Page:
New frogs, spiders, rodents & other critters among 200 new species discovered
October 6, 2010
Conservation International Press Release
Arlington, VA – An orange spider, a jabbing spiny-legged katydid, a white-tailed mouse and a minute long-nosed frog are among an amazing 200 new species of plants and animals discovered during just two months of deep rainforest exploration in a small portion of Papua New Guinea's remote forest-cloaked mountains last year.
Coordinated by Conservation International's (CI) Rapid Assessment Program (RAP) in partnership with Papua New Guinea's Institute for Biological Research (IBR) and A Rocha International, two scientific teams made these extraordinary discoveries in the country's rugged and poorly-known Nakanai and Muller Ranges in 2009.
The searches were conducted as part of CI's global efforts to document the biodiversity of poorly known but species-rich environments, and raise their profile to assist local communities establish conservation priorities for future development.
The findings include twenty-four new species of frogs, two new mammals, nine new species of plants, nearly 100 new insects including damselflies, katydids and ants, and approximately 100 new spiders. Remarkably, several of the katydids and at least one ant and one mammal are so different from any known species that they represent entirely new genera.
In depth: See a list of all the species found.
In the Nakanai Mountains on the large western Pacific island of New Britain, CI scientists worked with local communities to assess new, endemic, and previously undescribed species at three different sites ranging from lowlands to high elevations in the rugged rainforest-covered mountains.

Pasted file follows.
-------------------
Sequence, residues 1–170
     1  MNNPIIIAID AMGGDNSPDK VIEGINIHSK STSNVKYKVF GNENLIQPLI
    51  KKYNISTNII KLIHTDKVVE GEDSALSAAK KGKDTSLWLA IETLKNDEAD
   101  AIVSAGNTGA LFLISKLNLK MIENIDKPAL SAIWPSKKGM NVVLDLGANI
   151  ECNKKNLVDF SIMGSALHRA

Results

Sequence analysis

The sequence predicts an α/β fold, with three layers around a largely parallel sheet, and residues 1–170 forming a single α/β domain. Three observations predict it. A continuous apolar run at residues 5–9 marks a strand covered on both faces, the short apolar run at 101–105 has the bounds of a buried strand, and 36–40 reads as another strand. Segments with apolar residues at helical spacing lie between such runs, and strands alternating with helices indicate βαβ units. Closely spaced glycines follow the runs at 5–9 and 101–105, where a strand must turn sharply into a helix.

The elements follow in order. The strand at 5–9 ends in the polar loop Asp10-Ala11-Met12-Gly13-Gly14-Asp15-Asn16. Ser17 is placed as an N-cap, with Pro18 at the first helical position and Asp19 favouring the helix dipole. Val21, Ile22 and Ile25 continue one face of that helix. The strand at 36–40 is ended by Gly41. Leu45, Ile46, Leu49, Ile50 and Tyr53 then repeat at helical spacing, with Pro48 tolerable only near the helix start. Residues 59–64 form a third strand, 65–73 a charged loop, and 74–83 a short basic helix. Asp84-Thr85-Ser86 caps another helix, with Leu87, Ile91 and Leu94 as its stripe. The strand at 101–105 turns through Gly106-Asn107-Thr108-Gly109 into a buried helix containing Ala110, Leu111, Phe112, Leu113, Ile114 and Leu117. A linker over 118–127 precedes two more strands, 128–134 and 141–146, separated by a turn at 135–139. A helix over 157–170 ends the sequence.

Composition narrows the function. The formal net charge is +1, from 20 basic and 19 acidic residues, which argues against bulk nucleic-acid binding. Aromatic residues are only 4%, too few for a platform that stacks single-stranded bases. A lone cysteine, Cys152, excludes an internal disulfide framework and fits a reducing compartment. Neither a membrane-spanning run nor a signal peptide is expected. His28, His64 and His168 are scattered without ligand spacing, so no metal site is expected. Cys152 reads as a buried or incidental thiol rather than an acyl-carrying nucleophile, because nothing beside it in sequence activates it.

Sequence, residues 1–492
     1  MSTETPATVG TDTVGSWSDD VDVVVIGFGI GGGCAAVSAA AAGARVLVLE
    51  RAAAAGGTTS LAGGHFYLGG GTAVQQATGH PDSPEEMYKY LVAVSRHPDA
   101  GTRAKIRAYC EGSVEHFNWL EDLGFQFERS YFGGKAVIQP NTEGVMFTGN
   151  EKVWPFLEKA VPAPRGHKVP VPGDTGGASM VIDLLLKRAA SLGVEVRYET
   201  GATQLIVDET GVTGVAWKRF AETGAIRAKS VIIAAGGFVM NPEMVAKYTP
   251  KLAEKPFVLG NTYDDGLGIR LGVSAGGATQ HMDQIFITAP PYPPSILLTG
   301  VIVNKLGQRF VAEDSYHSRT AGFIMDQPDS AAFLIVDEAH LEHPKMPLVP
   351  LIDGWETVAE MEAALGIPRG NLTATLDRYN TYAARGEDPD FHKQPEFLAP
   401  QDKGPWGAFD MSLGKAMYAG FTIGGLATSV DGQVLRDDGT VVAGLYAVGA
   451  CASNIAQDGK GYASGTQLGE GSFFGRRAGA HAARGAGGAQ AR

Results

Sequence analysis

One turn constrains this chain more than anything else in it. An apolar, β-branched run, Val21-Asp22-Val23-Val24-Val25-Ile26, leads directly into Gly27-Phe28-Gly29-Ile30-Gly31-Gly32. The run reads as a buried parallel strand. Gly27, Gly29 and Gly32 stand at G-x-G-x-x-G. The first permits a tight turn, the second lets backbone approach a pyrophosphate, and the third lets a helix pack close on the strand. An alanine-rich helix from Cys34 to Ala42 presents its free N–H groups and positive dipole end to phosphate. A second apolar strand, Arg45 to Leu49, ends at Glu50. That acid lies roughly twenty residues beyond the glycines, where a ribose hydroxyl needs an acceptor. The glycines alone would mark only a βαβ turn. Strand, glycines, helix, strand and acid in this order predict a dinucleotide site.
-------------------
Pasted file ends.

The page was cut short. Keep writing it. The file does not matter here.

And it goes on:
The Nakanai Mountains host some of the world's largest underground rivers and most spectacular cave systems, which have prompted their nomination for World Heritage status by Papua New Guinea's Department of Environment and Conservation.
Among the highlights of the Nakanai surveys, were the discoveries of a new and beautiful yellow-spotted frog (Platymantis sp. nov.), found only high up on the mountains in the wet rainforests, as well as a bizarre little ceratobatrachid frog, (Batrachylodes sp. nov.) which is just two centimeters long .
Unlike most of his relatives that call for females at night, the new ceratobatrachid advertises with his call late in the afternoon after drenching tropical storms. CI herpetologist and RAP team leader Stephen Richards described it as the most exciting and surprising herpetological discovery of the survey because it belongs to a group of frogs previously only known from the Solomon Islands further to the east.
Also discovered in the Nakanai range was a distinctive mouse with white tipped-tail that was captured at the high elevation site (1590m above sea level). Although it resembles the prehensile-tailed tree mice of New Guinea, scientists report that this remarkable new species has no known close relatives and represents an entirely new genus.
Richards said, "With both the Nakanai Mountains and the Muller Range on UNESCO's World Heritage Tentative List, we hope that news of these amazing new species will bolster the nomination of these spectacular environments for World Heritage status".
During the Muller survey in September 2009, researchers including CI entomologist and RAP Director Leeanne Alonso, spent a week at each of three camps at 500, 1,600 and 2,875 meters height, to document the range of habitats and biodiversity of these different altitudes, where they uncovered what Alonso described as a "spectacular variety" of new ants, spiders, frogs and katydids.
Documented during the Muller expeditions was an exquisitely patterned emerald-green katydid (Mossula sp. nov. 1), a brilliantly pink-eyed katydid that lives in the forest canopy (Caedicia), and a sharp-legged katydid (Mossula sp. nov.) with an especially interesting defense mechanism that, when threatened, prompts it to hold its unusually large and spiny legs vertically above its head to jab at predators, a behavior which RAP scientist Piotr Naskrecki described from firsthand experience as "very painful".